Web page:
Stage One leaves the patient with 90% kidney function. The person can survive at this level, but it’s still necessary to detect the problem so causes and treatments can be addressed. If they don’t take steps at this point, the disease is very likely to progress to the next level. Stage Two leaves only 60-89% kidney function, as the damage to these organs has increased.
The difficulty is that there are no obvious symptoms of kidney dysfunction at either stage. This may lead to a lack of detection at a crucial time when the disease could have been nipped in the bud, or curtailed before it got much worse. So it’s essential that the person have their regular yearly physical checkups, including urine tests and extensive blood work. Even with no other physical symptoms, these tests can detect:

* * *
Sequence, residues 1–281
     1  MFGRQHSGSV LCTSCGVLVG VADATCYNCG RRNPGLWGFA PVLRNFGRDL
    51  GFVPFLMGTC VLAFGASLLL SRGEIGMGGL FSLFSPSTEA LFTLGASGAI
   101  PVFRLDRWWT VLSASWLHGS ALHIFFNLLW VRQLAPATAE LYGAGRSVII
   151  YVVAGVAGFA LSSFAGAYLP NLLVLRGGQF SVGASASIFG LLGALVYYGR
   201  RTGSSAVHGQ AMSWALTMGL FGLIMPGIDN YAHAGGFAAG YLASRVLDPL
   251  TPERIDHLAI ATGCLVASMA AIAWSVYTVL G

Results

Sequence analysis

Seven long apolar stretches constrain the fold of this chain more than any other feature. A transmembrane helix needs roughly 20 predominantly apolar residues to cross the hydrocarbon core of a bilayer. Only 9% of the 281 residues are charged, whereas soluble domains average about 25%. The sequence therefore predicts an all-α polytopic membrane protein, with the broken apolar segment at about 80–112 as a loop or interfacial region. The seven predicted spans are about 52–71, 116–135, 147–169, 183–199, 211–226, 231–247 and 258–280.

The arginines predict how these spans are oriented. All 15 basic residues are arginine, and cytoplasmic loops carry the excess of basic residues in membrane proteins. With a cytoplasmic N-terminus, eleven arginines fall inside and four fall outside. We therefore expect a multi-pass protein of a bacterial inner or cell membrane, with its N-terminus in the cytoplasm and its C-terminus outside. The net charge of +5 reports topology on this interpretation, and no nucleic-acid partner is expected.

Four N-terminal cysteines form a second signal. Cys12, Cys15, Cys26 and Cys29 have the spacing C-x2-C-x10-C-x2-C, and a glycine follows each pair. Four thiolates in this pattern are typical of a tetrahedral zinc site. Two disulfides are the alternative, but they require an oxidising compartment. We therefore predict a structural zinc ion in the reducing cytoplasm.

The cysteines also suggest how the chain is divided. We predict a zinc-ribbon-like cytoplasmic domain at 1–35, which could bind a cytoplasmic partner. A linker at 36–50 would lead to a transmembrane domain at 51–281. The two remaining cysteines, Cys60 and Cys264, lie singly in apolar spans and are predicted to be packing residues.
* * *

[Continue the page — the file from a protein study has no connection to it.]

- elevated creatinine levels (which indicate how well the kidneys are filtering out wastes)
- elevated protein levels (another indication of inefficiency in filtering wastes)
- elevated blood urea nitrogen levels (kidneys take urea from the blood and expel it in the urine, but if the blood levels are high, this is another hint of failing kidneys)
In addition to the potential for early detection with blood and urine tests, high blood pressure is a well known hint of problems with kidney function. The most often mentioned symptom is high blood pressure, which can either cause kidney disease, or be caused by it. So if a person’s blood pressure rises, this can be a spur to doing the urine and blood tests, either to detect kidney disease or rule it out. And all steps (medication, exercise, alterations in diet) must be taken to bring the blood pressure down.
If blood and urine tests indicate a possible problem, doctors can go further and take a kidney biopsy, do a CT scan, or perform an MRI. So even at these early stages, while it’s more difficult, it’s still possible to detect incipient kidney disease. What it takes is vigilance, and thorough, regular checkups.